Most of us found it very difficult to understand why Keith Vaz was allowed to chair the Home Affairs Select Committee for so long. He was obviously a nasty piece of work. He behaved abominably to witnesses who gave evidence to the committee. He had convinced himself that he was about the most important man in the world. He didn’t care a damn that anyone in the know was well aware that he was just a thug.
But then, after it transpired that he used male prostitutes and paid for others to use illegal drugs, some cheeky MPs thought he might like to consider his position. His use of prostitutes and dealings in illegal drugs were not thought to be good qualifications for the chairmanship of a committee which was investigating male prostitution and illicit drug use. Eventually, it took him quite a long time, he resigned.
But he has bounced back. Very nobly, he offered his services to the Justice Select Committee. The Labour Party supported his application. What that committee needed, Labour decided, was an unscrupulous thug as a member. Because these things are decided in a charming cosy fashion, the Tory whips went along with Labour’s proposal. What does it matter, they said to themselves in the Tea Room of the House of Commons, if that horrid man Vaz gets back onto a select committee?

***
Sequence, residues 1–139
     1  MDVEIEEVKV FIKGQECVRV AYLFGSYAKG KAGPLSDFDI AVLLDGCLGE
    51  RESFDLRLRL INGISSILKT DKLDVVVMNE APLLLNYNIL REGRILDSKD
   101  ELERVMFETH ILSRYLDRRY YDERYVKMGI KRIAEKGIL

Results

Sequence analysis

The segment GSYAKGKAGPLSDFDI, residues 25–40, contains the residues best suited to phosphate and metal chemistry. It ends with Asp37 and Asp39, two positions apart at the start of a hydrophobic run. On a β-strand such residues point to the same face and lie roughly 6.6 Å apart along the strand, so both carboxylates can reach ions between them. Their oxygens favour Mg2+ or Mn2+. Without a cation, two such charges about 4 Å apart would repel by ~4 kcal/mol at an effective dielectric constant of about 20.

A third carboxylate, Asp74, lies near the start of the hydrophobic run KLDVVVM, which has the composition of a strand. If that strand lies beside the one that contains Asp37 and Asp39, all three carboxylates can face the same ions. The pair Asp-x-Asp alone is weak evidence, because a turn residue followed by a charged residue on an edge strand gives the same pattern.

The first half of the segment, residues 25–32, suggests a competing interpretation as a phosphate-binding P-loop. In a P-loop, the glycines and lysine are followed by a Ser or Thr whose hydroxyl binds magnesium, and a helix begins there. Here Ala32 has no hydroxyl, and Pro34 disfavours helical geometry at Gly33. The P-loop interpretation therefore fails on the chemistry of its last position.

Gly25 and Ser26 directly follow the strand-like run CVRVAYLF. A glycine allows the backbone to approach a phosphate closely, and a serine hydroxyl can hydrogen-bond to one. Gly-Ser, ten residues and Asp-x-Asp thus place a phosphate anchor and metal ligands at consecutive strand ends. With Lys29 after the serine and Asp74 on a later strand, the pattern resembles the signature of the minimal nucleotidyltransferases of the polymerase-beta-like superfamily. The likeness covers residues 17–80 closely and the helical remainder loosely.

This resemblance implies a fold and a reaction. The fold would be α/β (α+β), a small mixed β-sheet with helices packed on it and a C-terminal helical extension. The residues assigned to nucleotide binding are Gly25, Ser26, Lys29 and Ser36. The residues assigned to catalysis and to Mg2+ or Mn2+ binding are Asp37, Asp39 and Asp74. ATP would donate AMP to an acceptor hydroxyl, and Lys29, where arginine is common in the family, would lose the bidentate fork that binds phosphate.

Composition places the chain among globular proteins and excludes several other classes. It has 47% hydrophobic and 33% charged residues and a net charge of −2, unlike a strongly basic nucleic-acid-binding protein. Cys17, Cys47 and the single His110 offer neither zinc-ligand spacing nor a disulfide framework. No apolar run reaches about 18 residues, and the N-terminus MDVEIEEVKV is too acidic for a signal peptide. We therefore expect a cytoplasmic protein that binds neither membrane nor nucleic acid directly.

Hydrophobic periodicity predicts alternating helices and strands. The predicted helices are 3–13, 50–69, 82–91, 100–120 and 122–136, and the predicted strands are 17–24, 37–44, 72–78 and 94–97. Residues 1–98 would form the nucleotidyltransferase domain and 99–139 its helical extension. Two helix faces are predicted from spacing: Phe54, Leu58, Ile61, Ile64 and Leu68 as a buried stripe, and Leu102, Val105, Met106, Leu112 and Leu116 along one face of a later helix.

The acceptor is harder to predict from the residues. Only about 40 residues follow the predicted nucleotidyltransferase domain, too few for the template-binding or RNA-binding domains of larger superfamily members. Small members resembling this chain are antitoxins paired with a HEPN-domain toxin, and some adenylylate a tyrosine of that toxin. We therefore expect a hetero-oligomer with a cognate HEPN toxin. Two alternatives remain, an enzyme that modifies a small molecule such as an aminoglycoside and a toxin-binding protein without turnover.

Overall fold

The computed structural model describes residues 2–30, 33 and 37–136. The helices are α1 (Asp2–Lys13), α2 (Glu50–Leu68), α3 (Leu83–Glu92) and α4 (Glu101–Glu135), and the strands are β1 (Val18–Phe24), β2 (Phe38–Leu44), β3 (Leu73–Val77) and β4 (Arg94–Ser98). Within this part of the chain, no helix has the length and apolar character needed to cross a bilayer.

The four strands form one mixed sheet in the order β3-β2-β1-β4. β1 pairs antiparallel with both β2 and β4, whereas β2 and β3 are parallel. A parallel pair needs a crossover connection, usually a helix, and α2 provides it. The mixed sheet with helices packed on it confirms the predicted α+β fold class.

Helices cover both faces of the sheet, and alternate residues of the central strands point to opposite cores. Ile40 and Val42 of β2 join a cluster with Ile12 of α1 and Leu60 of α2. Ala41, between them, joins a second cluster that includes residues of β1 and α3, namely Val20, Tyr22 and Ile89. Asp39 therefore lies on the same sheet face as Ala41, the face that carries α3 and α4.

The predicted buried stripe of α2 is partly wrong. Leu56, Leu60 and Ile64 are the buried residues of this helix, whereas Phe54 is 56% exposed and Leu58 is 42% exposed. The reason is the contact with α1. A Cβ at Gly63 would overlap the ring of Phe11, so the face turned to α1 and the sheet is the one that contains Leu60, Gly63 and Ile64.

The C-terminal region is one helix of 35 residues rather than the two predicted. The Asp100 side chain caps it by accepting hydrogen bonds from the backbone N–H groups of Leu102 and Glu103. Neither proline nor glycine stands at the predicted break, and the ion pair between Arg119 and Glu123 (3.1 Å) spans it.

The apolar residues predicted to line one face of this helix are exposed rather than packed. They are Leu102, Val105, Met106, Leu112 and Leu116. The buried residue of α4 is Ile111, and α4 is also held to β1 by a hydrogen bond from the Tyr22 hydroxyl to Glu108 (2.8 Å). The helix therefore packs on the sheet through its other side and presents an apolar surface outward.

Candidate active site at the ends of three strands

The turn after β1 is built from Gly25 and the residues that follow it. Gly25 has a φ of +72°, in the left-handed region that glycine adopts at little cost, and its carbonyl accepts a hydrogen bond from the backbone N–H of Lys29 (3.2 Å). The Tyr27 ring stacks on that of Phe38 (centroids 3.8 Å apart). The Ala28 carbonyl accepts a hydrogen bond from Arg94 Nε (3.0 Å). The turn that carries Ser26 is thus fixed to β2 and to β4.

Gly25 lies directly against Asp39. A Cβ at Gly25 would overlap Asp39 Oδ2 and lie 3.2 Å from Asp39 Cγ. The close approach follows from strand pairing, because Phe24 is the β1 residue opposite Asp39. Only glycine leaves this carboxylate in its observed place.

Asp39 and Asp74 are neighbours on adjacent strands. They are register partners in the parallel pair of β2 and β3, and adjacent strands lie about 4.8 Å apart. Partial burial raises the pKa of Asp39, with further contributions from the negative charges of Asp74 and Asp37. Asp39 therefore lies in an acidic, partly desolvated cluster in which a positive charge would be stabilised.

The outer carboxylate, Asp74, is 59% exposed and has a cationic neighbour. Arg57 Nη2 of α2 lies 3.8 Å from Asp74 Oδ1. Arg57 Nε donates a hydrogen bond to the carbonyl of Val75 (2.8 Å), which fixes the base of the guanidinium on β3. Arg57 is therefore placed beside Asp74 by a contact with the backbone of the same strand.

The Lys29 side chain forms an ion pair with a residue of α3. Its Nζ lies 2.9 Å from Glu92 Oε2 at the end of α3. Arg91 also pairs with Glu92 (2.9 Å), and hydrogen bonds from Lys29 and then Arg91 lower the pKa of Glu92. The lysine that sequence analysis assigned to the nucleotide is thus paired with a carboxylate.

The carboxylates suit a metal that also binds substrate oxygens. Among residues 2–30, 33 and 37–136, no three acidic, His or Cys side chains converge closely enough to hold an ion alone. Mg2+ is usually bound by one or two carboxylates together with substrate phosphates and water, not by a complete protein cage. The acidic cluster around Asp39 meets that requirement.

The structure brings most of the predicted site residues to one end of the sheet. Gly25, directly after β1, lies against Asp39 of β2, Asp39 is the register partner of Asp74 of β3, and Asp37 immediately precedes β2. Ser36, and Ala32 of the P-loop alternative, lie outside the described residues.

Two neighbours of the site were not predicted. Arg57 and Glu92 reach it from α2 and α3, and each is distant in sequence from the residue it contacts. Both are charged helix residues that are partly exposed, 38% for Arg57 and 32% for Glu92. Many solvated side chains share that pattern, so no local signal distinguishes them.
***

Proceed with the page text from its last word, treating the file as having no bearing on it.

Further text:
But one Tory member didn’t grasp the importance of cosy arrangements between whips’ offices. He invited the House to object to Vaz’s membership of the Justice Committee. He thought a man who was under investigation for serious offences was not qualified to be a member of a committee which was meant to be devoted to justice. Poor chap. He got his comeuppance. The government, apparently terrified that Labour might object to Tory nominations to committees, told all its MPs to support Vaz.
And that is why Keith Vaz is now a member (he will be keen to be the most important member) of the Justice Select Committee. The Labour Party should obviously have known better. It should never have supported Vaz’s preposterous application. But Mrs May and her whips must take most of the blame. They were the ones who decided that political expediency had to prevail over principle.